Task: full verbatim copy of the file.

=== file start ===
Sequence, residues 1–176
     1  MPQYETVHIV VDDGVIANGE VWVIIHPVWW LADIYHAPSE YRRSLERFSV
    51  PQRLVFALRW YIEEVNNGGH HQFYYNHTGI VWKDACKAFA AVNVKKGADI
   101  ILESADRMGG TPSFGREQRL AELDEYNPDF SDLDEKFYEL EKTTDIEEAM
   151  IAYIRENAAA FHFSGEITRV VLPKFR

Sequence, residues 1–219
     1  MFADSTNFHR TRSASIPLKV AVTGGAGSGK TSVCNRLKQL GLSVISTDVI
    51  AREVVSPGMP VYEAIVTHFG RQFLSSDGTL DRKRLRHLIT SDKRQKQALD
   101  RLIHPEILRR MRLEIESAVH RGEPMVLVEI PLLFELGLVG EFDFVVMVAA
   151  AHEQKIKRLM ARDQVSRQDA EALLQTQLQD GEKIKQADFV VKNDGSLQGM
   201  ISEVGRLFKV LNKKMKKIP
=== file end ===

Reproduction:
Sequence, residues 1–176
     1  MPQYETVHIV VDDGVIANGE VWVIIHPVWW LADIYHAPSE YRRSLERFSV
    51  PQRLVFALRW YIEEVNNGGH HQFYYNHTGI VWKDACKAFA AVNVKKGADI
   101  ILESADRMGG TPSFGREQRL AELDEYNPDF SDLDEKFYEL EKTTDIEEAM
   151  IAYIRENAAA FHFSGEITRV VLPKFR

Sequence, residues 1–219
     1  MFADSTNFHR TRSASIPLKV AVTGGAGSGK TSVCNRLKQL GLSVISTDVI
    51  AREVVSPGMP VYEAIVTHFG RQFLSSDGTL DRKRLRHLIT SDKRQKQALD
   101  RLIHPEILRR MRLEIESAVH RGEPMVLVEI PLLFELGLVG EFDFVVMVAA
   151  AHEQKIKRLM ARDQVSRQDA EALLQTQLQD GEKIKQADFV VKNDGSLQGM
   201  ISEVGRLFKV LNKKMKKIP